Born 1927 Victoria Died 1983 lived in Tasmania throughout his childhood graduating from University of Tasmania.

David exhibited extensively as an artist throughout his life and retired back to Tasmania from Victoria to live at Palmerston Meadows Cressy Tasmania 1974 where many of his wonderful Tasmanian landscape works were executed. His works are held in many state and regional collections.

To view David Chapman’s works three in the exhibition at Longford’s Blenheim Gallery and Garden is to step into a private world of sweet. sweet content. A world in which he has by some gentle alchemy, transmuted the most stunning Tasmanian landscape and scraps of garden views into the pure gold of unalloyed delight.

His paintings, at once delicate and intimate, are the result of a sensitive response to the natural and the ordinary. Such simple things as the rhythm of the days, the wonder of shadows creeping across some steps or the majesty of rocks on a coastal edge.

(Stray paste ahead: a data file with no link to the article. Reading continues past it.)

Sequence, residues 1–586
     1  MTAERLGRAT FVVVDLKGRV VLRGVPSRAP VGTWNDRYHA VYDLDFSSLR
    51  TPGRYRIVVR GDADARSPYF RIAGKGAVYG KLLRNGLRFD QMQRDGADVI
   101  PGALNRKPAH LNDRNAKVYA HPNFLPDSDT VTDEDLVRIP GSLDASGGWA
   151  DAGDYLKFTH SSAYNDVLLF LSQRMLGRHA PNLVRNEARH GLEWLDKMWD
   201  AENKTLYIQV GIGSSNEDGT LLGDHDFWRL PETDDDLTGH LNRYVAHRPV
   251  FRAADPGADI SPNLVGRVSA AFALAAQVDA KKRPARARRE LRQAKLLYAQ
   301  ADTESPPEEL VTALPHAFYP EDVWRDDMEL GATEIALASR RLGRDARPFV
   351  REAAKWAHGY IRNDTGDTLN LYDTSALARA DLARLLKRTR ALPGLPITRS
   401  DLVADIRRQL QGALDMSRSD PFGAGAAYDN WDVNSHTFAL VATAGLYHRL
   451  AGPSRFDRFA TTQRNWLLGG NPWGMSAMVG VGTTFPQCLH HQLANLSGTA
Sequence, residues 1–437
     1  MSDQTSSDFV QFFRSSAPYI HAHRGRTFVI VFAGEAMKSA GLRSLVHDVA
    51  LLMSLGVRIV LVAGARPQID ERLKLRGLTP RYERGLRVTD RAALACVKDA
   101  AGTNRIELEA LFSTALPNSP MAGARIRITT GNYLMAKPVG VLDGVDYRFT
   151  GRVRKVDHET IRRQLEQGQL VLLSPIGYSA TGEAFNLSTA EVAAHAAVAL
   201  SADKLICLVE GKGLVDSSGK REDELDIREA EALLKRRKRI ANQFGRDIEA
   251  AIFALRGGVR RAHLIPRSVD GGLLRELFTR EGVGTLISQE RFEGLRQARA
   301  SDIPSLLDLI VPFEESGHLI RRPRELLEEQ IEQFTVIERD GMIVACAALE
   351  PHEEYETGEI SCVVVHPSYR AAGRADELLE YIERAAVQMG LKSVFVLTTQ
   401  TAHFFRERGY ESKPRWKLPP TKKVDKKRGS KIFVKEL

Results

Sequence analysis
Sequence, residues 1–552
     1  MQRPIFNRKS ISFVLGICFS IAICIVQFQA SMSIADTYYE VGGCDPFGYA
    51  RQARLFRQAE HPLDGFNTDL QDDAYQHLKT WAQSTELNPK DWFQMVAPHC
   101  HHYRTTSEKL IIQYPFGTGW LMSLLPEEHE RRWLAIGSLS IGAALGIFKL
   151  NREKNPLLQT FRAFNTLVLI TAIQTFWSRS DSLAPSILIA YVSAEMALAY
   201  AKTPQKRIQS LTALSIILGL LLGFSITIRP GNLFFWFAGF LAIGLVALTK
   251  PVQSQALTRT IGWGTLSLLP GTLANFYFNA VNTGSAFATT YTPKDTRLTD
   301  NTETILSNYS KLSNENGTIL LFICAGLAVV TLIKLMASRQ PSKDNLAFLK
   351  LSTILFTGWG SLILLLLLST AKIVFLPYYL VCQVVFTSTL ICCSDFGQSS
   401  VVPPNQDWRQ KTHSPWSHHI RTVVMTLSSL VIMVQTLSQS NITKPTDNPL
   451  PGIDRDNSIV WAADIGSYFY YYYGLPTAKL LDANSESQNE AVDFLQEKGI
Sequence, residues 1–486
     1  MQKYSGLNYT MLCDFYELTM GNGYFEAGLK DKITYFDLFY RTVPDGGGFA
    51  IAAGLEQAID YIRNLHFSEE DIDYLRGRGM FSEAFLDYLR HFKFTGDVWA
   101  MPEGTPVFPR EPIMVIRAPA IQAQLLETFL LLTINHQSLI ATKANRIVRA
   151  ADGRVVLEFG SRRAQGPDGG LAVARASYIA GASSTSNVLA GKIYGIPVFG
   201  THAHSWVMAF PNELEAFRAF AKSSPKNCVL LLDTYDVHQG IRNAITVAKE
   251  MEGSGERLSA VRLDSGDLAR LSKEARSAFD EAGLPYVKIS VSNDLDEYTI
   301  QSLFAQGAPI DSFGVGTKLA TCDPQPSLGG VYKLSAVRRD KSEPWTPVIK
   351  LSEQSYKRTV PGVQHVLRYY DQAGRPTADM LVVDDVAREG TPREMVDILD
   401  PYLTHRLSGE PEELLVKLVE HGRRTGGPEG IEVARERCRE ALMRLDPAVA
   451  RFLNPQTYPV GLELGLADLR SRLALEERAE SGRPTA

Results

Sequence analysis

His Tasmanian works have a celebration of joy, light and happiness. Unlike the body of Victorian works which are more connected to city and domestic life in Melbourne or the occasional trips to the You Yangs near Geelong with Fred Williams his friend and artist, or towards Lake Eildon.

For all their joy and tenderness however, these paintings are neither sentimental nor anecdotal, they are freely jotted and immediate notations of the artist’s intense awareness and pleasure in, his physical surroundings, as well as his whole situation. Seismographic records, if you like. of what it is like to live quietly and happily with your family, in the beautiful countryside of northern Tasmania.

His method of work is to flatten everything into a succession of shapes that make up both an irregular surface pattern and a recognisable subject world, which, oblivious of the constraints of traditional perspective. rises up the plane of the canvas.

These shapes are filled in with a rich and unpredictable juxta positioning of colours. Far from being imitations of the local colour they are chosen to create an intricate harmony based on the feeling of the subject. Altogether a different thing.

These works are at once a celebration of being alive when they were painted and a demonstration of the virtue of a philosophical detachment from the whips of desire and the scramble for what the world calls success.